West Lothian gym owner under fire for offering youths chance to fight in ring not street

Warriors gym in Whitburn, West Lothian. Picture: Google Maps
Warriors gym in Whitburn, West Lothian. Picture: Google Maps
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A GYM-OWNER has come under fire for offering local youths the chance to fight each other in his boxing ring instead of on the streets.

David Orr, owner of Warriors Gym in Whitburn, West Lothian, told the Evening News he wants to knock-out fighting in local schools.

Writing on the Warriors Gym Facebook page, he said: “If you want to fight each other message me, you can have a square go in the ring, no cameras, no friends, just the two of you.

“You will fight until someone gives up but you WILL shake hands and that’s the case closed and you move on with your lives.”

He closed the message with: “Life is too short, there is so much to do and see in this world, I’m not saying stop fighting, I’m saying fight for a better life.”

READ MORE: The best value gyms in Edinburgh to keep fit on a budget

Mr Orr, who has children of his own, has since been told by Police Scotland to remove the post but not before around 60,000 people saw it online.

He said: “I got a phone call from Police Scotland who wanted to talk to me about the post.

They said, ‘David you’re not in trouble, but we would like to talk about the post’.

“They had calls from people complaining and they had to follow it up.

“They advised me to remove the most as it was causing a lot of disruption but I had already removed it as it had served its purpose.”

His aim was to tackle violence in schools head on and in a controlled environment and help channel energies into physical activities such as boxing.

Mr Orr, 40, has been boxing since he was five years old and has owned Warriors since July 2015. He runs fitness classes, sparring sessions and junior boxing classes.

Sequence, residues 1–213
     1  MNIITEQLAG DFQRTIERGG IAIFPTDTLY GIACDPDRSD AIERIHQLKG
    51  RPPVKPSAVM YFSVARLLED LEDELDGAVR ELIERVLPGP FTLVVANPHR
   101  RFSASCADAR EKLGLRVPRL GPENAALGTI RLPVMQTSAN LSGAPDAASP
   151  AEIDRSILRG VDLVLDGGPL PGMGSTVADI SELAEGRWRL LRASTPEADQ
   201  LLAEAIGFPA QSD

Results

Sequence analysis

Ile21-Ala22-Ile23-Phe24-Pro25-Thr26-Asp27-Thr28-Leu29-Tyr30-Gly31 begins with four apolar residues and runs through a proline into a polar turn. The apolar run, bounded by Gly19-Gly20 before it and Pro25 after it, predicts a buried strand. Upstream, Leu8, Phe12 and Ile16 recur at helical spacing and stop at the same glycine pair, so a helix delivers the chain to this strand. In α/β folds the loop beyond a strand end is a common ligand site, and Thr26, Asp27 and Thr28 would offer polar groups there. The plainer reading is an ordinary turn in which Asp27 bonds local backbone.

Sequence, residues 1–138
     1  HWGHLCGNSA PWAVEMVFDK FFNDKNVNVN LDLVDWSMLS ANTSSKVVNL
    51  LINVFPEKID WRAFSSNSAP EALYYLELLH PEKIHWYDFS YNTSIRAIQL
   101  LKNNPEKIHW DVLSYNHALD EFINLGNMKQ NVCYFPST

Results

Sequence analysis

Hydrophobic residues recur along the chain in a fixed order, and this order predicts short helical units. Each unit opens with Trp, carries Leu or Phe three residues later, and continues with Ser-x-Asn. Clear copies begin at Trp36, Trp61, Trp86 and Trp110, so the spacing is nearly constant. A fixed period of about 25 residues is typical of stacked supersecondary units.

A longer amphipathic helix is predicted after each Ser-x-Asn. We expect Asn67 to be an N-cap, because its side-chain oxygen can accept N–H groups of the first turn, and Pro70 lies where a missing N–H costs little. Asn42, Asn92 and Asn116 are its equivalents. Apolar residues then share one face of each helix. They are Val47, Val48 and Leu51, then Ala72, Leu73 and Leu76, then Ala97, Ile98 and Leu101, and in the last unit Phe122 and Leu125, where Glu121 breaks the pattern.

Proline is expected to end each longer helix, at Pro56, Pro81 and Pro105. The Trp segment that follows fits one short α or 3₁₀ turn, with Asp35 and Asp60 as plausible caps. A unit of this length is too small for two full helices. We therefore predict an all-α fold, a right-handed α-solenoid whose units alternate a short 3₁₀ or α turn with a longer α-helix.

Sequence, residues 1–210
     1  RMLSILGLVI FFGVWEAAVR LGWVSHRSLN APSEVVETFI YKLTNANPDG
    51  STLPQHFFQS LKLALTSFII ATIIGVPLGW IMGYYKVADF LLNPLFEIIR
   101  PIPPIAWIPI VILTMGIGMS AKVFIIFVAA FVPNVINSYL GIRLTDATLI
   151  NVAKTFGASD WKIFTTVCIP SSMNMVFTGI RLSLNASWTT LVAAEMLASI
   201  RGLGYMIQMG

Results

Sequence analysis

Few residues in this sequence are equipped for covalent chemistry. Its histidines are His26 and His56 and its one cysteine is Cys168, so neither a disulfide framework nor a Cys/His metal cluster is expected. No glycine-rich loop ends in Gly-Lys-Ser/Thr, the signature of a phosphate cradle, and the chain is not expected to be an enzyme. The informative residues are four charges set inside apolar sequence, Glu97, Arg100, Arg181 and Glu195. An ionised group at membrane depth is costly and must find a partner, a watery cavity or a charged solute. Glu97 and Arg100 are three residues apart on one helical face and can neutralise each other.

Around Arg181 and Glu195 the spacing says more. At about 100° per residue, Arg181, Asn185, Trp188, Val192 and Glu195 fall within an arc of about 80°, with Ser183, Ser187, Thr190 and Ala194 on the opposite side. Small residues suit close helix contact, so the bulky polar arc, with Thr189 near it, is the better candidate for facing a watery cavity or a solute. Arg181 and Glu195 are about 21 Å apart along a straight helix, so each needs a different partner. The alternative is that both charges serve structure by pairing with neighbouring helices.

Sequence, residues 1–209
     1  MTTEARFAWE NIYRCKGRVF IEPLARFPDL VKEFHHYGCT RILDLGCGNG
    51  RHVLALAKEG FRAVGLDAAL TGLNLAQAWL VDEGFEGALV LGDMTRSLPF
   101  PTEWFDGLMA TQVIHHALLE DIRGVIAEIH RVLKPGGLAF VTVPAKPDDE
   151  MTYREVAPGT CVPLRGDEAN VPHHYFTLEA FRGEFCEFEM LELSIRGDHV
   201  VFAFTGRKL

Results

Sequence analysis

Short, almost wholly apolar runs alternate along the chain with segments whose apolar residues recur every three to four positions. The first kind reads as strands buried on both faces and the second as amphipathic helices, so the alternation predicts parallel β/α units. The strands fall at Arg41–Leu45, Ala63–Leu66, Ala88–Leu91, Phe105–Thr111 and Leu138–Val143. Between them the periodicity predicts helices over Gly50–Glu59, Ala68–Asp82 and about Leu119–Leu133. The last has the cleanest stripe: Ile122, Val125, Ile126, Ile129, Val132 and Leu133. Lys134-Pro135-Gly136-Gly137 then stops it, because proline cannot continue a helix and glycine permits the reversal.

The parents of children he coaches have supported his idea. He said: “All of the parents said that they thought it was a brilliant idea, we help children who have anger issues. Boxing gives them a source of relief.

“We have children who have ADHD, autism and other behavioural issues.”

It was while dropping off his seven-year-old daughter to after school club at Armadale Academy he noticed the police at the main entrance.

He said: “That’s when I took my chance to talk to them. I told them my gym was open for any kids who want to fight each other and afterwards they would shake hands and move on with their lives. The officer and teacher agreed that this was a great idea.”

Mr Orr’s original post made it clear that any teenagers taking up his offer would be required to wear headguards and boxing gloves.

Some parents expressed outrage at the post but David says the reception was overwhelmingly positive, with an “80/20 split in favour of the positive.”

One supporter wrote: “Was a great idea. Offering a safe controlled environment for the kids to settle their differences is the best way to solve it and would help to give them a bit of respect for each other”

Another mother wrote: “I think what you were offering was fantastic. Sort out their differences in a safe, supervised way with no cameras filming [or] putting it on social media.

“The alternative at best is a punch up in the street where kids are getting kicked in the head, falling to the ground, other watchers jumping in.

“At worst they could be carrying a weapon or even just a bottle lying about and one of them end up dead from their injuries or if head trauma, live with it for the rest of their life.

“I wish there were far more sensible people like yourselves and do things in a controlled way. Some people just can’t see it unfortunately.

One dad wrote: “Street fighting is never going to end well but fighting in a controlled environment where it can be stopped at any point is a far better option.

“Violence isn’t by any means the way to solve problems but sometimes it can’t be helped.”

Mr Orr said: “I wanted to stop all this fighting in schools. West Lothian Council have said there is not a problem but there has been police presence most days.

“I wanted any child who wanted to fight each other in a square go to do it in a safe environment, as opposed to a six-on-one that gets filmed and then put on social media.”

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